News & Updates

While we continue to wait for the Four Necessity Valve Turner Trial, environmental protections continue to be removed and fossil fuel infrastructure projects go forward, further endangering a livable future.

MN 350 is hosting a webinar on Tuesday evening to share updates on the Line 3 project in northern Minnesota that expands and reroutes a pipeline through environmentally and culturally sensitive landscapes. The old Line 3 pipeline is in dangerously bad condition, speaking poorly of the long-term maintenance plan for pipelines.

The webinar is Tuesday, June 30, 2020 6:30 PM -  8:00 PM CT you can register here.

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Today is the longest day of the year - the day when the most light falls on the earth. In agrarian societies, this day was a time to celebrate the growing season thus far and hope for fertile harvests. In this technological age, when so many humans are isolated from noticing that the days are growing longer or (as of tomorrow) shorter, it can be easy to lose track of the natural systems that support our very life. On this day of abundant light, what will you choose to focus on?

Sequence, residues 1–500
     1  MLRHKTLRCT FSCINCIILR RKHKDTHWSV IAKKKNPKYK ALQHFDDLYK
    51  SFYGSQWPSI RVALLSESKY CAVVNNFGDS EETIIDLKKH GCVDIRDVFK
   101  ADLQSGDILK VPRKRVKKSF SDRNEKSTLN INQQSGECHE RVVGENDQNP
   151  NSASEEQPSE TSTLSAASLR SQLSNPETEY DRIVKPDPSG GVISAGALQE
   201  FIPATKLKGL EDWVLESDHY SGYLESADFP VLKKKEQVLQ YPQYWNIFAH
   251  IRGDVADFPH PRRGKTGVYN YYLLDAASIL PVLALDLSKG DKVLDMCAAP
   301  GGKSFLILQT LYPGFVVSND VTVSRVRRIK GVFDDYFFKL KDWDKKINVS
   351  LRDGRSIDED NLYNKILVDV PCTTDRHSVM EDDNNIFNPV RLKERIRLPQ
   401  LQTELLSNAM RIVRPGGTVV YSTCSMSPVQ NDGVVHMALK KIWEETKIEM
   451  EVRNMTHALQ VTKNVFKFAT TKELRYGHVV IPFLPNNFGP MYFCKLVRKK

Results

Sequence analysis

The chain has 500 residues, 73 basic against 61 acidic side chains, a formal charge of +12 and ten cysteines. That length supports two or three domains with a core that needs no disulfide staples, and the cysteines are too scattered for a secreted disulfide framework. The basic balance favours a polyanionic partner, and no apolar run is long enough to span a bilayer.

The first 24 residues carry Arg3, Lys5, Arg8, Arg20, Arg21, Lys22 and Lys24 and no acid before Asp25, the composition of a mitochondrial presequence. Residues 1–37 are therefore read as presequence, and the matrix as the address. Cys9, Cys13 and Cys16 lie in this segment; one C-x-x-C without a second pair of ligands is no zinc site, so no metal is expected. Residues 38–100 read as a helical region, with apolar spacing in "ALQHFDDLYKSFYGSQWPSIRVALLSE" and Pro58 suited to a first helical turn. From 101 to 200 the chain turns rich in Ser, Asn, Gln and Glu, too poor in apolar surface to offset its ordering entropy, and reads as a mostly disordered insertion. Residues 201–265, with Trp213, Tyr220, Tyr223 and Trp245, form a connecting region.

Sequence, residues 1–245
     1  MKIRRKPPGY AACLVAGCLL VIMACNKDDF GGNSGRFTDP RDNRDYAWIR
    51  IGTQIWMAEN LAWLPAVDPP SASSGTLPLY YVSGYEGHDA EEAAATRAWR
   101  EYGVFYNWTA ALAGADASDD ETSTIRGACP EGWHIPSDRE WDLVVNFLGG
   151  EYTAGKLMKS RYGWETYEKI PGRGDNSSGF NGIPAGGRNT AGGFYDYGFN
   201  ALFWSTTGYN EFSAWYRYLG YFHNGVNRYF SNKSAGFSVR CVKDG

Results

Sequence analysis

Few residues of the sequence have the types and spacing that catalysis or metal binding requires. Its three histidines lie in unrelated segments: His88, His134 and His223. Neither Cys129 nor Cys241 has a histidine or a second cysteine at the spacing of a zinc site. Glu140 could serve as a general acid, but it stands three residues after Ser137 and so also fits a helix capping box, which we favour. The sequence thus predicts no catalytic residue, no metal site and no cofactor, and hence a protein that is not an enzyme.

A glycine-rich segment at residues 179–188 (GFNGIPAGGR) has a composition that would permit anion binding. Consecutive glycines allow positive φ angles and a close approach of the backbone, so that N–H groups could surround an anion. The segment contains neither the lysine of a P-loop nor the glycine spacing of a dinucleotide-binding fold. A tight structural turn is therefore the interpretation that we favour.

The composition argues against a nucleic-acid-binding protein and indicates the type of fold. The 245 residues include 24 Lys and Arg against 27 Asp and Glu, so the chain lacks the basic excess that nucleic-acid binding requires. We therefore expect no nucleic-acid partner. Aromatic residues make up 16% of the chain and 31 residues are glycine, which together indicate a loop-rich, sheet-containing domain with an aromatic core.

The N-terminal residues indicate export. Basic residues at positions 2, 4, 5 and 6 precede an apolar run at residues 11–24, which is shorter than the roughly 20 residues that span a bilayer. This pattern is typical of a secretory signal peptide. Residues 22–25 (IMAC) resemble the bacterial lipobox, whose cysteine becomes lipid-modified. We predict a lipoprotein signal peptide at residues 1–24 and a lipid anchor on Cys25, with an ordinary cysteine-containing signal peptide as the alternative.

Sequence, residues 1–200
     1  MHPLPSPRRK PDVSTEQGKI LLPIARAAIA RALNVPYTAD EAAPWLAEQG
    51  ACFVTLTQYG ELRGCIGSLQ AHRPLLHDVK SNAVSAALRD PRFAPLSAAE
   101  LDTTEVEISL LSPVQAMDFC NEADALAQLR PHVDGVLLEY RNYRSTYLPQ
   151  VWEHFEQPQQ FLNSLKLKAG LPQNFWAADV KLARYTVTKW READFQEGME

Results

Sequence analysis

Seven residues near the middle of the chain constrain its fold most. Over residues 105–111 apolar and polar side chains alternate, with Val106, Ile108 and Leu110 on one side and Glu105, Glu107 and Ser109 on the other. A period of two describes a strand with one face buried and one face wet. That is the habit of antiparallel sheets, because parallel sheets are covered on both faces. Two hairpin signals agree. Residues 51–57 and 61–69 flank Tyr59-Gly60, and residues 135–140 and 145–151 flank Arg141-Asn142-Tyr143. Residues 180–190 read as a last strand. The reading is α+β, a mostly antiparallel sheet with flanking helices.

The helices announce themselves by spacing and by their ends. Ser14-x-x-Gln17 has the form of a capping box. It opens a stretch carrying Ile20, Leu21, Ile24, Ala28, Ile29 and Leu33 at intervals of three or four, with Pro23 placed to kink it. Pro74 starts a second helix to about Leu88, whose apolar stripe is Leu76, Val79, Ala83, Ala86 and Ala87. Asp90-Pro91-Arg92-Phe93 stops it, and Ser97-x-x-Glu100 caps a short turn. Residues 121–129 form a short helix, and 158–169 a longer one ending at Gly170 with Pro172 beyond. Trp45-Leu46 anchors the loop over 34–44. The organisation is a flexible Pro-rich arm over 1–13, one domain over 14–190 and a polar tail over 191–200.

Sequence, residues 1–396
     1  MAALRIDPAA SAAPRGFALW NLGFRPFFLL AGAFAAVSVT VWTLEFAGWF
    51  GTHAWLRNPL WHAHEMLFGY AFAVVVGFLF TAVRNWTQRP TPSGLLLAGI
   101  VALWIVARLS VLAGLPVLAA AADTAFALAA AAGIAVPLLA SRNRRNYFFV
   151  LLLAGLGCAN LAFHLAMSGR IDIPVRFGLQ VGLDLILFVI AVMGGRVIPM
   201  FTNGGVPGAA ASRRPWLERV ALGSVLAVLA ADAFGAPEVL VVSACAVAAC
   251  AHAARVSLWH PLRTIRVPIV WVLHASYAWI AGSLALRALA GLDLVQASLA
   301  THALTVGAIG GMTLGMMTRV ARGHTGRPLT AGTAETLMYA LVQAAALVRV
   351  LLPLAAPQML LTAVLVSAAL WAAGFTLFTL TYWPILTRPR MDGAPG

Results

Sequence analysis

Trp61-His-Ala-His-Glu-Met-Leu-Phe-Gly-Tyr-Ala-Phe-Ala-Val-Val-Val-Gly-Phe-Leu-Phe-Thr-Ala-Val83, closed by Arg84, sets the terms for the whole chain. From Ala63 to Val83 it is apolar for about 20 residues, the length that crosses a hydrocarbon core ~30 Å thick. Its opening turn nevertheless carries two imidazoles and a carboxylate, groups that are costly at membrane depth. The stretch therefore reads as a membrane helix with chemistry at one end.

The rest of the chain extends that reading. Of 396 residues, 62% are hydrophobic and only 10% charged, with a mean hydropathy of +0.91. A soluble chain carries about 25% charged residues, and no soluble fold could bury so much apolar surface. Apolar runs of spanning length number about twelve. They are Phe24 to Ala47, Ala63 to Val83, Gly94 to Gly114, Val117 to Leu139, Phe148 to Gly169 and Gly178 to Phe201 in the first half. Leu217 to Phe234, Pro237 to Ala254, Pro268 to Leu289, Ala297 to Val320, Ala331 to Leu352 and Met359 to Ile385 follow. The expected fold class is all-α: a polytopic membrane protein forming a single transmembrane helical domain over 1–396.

Perhaps you're still processing Juneteenth and need to take a deeper dive into its meaning.

Perhaps you're in Illinois, where we have the responsibility to stop the proposed DAPL Double.

Perhaps you're participating in the Poor People's Campaign Moral March on Washington.

Perhaps you've turned off technology for a day to enjoy nature.

Perhaps you're in the streets, advocating for black lives.

Perhaps you're preparing for a great Father's Day tomorrow.

Perhaps you're at home, watching and learning.

Perhaps you're ill, or nursing a friend or family member, or mourning the dead.

Perhaps you're going back to work in this time of uncertainty.

Wherever you are as you read this, breathe deep. Hold it in, and really feel how it is to be filled up, full to bursting, completely satiated.

Let it out, slowly, and feel your energy going out into the world, where it will make an impact you can neither know nor control.

This is the most basic abundance in the world, available to us all. Even breath can be (and is) denied, as we have seen this early-summer-time. But perhaps practicing this everyday freedom to breathe deep, to fill up, to be immersed in more than we can hold, will help us believe in the greater abundances available if only we dare to divest from the systems of exploitation, pollution, punishment, and denial, and invest instead in the systems of renewal, tending, and sharing.

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by Shannon Knox available via

Early in the coronavirus crisis I mentioned that we were all practicing movement organizing strategies in staying home and resisting this virus, and that this moment makes it clear that movement organizing is more powerful than the government, the army, or capitalism. From the movement for racial justice in our streets, it looks like we are all learning this together.